The Applied Geochemistry group (AGg) specializes in conducting chemical and isotopic analyses on water, rock and gas samples to trace water, carbon, nitrogen, oxygen, and sulfur‐containing compounds in surface and subsurface environments. Research topics range from geochemical aspects of shale gas development, geologic CO2sequestration, in‐situ oilsands production, to tracing sources and fate of nutrients in surface water and groundwater systems. The goal of AGg research is to reduce environmental impacts during responsible resource development. Current research focus on five key areas:
- Shale gas and shale oil development: Reservoir processes and environmental impacts
The research group uses novel and established chemical and isotopic tracers to assess the environmental impacts of shale gas and shale oil development on shallow aquatic systems, soils and the atmosphere. The group also investigates the water-gas-rock interactions in hydraulically fractured reservoirs and processes potentially leading to scale formation.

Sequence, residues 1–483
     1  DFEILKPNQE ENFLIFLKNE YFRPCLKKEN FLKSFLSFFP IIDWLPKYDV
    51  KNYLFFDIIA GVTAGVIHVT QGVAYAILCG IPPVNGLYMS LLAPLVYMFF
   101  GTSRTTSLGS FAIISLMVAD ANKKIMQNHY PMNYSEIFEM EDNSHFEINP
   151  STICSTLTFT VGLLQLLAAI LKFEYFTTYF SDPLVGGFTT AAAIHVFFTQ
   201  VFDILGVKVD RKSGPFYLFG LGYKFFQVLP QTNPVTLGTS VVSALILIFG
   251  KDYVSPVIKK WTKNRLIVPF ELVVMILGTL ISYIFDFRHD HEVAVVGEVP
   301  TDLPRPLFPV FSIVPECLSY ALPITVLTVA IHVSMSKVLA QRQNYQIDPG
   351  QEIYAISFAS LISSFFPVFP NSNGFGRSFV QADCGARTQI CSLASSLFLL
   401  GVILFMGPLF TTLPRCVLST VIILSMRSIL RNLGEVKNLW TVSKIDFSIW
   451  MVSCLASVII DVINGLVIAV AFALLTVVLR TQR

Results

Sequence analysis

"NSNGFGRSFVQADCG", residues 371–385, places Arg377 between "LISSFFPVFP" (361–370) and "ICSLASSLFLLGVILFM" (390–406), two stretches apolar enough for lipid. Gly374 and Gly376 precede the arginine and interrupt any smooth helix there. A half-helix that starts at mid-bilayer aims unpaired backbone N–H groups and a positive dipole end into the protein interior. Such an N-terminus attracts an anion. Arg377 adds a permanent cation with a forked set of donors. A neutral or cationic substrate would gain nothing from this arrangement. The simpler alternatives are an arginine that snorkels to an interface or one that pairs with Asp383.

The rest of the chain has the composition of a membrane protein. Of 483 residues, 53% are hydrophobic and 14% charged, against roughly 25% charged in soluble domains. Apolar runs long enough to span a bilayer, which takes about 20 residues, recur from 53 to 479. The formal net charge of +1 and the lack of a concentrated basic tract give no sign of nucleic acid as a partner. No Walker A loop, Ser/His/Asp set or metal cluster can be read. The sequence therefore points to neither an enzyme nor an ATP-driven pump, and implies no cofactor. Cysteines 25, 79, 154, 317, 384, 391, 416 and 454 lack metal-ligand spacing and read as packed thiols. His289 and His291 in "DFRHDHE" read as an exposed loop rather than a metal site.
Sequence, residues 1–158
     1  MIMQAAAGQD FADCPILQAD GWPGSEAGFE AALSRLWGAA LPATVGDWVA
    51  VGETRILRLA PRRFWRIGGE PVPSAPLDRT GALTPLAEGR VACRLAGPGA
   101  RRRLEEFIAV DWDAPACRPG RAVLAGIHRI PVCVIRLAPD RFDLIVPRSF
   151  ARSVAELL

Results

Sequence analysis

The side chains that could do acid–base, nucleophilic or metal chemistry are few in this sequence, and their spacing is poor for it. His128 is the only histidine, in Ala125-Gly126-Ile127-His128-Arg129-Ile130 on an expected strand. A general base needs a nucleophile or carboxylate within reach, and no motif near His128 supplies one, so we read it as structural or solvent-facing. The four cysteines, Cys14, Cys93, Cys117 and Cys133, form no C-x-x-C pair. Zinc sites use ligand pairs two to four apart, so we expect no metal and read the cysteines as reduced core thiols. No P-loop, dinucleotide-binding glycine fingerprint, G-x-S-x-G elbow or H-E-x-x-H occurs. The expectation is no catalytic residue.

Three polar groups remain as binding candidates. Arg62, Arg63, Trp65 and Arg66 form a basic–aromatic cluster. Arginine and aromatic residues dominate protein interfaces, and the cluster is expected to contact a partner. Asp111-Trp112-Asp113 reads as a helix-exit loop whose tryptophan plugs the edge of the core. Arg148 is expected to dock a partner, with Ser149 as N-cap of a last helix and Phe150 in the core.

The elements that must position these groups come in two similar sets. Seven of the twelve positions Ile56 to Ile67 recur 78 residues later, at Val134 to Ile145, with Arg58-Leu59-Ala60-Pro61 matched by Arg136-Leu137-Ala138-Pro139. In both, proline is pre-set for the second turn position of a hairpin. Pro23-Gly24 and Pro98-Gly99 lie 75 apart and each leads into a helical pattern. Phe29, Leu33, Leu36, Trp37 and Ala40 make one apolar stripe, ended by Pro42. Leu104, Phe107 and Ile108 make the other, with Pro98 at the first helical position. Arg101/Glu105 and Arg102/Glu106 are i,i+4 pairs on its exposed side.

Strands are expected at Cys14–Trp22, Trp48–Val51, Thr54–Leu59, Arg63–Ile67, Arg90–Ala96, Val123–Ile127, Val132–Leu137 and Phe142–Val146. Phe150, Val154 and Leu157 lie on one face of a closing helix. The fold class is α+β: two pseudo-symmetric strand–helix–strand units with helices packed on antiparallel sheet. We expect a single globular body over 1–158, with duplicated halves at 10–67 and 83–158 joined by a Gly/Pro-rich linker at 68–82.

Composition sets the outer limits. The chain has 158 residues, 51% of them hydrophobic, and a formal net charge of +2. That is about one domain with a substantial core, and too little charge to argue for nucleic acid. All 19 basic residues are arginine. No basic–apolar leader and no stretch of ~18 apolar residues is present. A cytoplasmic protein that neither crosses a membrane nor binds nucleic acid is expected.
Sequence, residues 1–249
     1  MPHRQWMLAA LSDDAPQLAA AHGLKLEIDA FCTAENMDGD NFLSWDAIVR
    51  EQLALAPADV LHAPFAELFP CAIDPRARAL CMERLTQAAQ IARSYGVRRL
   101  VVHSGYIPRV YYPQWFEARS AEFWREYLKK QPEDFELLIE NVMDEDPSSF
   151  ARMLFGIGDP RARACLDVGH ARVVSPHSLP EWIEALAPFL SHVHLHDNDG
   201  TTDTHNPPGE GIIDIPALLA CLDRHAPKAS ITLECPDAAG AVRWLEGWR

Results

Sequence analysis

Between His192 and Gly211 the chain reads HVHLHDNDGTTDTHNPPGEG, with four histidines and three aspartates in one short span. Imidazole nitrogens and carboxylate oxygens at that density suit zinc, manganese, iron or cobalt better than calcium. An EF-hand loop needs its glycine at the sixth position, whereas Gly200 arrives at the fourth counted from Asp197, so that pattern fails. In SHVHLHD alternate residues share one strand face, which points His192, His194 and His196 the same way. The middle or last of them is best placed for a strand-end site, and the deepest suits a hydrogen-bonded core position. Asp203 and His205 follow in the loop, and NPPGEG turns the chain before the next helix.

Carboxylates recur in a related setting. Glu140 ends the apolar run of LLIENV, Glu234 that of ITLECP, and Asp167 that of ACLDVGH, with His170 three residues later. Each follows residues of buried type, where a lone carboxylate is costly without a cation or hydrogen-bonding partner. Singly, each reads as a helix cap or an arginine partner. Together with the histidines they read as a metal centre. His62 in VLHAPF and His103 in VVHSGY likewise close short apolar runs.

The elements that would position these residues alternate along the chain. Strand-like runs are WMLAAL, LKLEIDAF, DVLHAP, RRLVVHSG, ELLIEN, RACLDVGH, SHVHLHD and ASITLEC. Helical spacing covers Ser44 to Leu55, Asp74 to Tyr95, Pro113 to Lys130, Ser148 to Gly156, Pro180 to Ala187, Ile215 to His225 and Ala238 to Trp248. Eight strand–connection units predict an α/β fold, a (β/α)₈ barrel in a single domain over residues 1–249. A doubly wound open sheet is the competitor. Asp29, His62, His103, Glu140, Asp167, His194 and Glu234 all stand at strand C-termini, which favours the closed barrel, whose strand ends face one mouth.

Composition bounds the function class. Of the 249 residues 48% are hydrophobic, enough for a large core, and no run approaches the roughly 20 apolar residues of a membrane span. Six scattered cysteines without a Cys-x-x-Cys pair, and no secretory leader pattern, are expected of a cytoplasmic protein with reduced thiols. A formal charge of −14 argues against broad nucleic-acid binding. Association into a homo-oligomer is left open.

- Tracing of CO2injected into the subsurface
The group uses chemical, isotopic and modeling approaches to trace the movement and fate of CO2injected into deep saline aquifers or mature oilfields.
- Geochemical Processes Affecting Oil Sands Operations
The research group uses chemical, isotopic and modeling techniques to trace water and dissolved constituents affecting produced fluids from in-situ thermal recovery operations. This information is used to predict the key processes leading to scaling in production wells and Once Through Steam Generators (OTSGs).
- Groundwater Quality
The group uses chemical, isotopic and modeling approaches to better understand the quality of shallow groundwater and to identify the sources and the fate of select contaminants including nitrate, sulfate, ammonium, methane, ethane and propane, among others.
- Sources and fate of nutrients in surface water systems
The group uses chemical and isotopic approaches to identify the sources and the fate of nutrients in riverine and lake systems with special focus on nitrate and phosphate.